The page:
Judging by the price action today it would appear that folks have come to the conclusion that price discovery might be applied to Citi.
Well it's about bloody time.
The problem with the thesis of 'the banksters are too broke to go bankrupt' is that the longer it takes you to liquidate the capital structure of insolvent banks the more probable the chances are that you'll end up liquidating a good portion of the rest of the economy.
If we no longer have to imagine, as just one example, what the ~670 billion of off balance sheet mortgage related securities at Citi are worth and in fact, say with a transfer to a 'bad bank', get the true value and the requisite writedowns, the clearing price can be realized and applied to the industry as a whole.
After Citi all eyes will go to JP Morgan, the derivatives king where the trading book is short duration like Citi and full of the same type of junk.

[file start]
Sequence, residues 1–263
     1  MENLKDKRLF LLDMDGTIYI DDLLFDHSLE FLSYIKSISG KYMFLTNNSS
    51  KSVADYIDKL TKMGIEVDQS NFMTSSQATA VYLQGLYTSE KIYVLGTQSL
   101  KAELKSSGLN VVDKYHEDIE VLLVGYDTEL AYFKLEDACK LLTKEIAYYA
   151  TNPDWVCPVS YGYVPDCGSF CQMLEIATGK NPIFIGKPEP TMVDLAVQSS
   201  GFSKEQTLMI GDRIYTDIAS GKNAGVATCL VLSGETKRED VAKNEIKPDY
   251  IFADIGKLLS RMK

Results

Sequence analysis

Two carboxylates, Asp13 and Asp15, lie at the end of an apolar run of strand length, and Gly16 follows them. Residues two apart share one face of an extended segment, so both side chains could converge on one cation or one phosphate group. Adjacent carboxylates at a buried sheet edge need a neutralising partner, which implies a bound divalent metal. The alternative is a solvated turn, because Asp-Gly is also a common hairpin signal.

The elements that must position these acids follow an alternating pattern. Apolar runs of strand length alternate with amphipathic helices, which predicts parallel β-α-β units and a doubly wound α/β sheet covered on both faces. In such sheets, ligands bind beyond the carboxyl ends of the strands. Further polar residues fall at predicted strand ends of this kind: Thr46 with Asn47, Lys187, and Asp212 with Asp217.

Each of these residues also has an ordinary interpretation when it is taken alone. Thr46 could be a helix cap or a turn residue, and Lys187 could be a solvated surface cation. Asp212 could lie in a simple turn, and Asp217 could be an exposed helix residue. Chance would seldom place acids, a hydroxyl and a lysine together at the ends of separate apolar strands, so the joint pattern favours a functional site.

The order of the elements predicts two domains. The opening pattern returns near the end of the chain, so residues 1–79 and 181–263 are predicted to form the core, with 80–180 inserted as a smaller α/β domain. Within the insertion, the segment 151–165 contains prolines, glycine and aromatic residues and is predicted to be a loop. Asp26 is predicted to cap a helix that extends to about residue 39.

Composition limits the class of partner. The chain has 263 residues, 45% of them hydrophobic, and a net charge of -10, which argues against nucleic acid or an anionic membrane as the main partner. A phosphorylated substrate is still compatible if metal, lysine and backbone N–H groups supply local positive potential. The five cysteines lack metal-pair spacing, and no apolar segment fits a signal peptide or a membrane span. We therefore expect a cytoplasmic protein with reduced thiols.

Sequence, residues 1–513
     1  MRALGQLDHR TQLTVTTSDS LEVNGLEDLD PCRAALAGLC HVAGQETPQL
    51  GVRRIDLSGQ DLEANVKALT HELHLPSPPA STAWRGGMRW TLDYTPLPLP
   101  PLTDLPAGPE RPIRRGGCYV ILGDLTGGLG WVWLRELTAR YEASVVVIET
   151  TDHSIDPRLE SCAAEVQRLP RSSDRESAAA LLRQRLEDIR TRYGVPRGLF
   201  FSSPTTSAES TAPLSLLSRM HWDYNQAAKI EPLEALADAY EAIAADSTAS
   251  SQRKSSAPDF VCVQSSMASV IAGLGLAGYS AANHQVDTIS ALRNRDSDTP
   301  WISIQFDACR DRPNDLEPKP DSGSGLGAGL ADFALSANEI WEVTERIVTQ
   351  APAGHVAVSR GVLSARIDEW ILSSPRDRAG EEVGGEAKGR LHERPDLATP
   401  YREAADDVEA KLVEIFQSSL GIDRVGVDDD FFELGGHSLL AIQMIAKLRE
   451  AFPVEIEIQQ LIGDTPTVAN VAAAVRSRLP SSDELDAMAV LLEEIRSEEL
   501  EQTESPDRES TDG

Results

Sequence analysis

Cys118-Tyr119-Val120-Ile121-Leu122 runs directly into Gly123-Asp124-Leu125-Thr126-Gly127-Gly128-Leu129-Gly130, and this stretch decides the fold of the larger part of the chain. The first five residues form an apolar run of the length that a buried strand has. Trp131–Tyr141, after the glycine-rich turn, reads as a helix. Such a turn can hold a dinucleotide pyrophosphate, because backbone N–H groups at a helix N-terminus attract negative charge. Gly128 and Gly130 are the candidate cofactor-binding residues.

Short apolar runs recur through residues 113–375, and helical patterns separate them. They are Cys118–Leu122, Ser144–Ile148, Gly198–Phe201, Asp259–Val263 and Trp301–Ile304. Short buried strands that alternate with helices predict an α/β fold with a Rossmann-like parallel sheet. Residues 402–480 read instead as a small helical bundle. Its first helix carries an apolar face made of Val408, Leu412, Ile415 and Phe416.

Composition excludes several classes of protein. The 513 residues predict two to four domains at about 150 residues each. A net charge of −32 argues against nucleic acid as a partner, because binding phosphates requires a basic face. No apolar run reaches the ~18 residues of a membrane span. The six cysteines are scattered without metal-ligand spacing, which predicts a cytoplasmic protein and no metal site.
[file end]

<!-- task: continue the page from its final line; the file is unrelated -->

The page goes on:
As posted on November 30th : JP Morgan (with a credit derivatives book of 9.2 trillion) is on one side or another of one out of every six contracts ...It has counterparty risk on the contracts it has bought, even with collateral and faces losses on the contracts it has sold.' - Henny Sender
Equity is the first loss tranche, what is the value of Citi commons? ZERO. What is the value of JP Morgan commons? ZERO.
The hope is that with the government's hand all the way up Citi's back, we can show the proper clearing price for the cancer and start movin' on from there....
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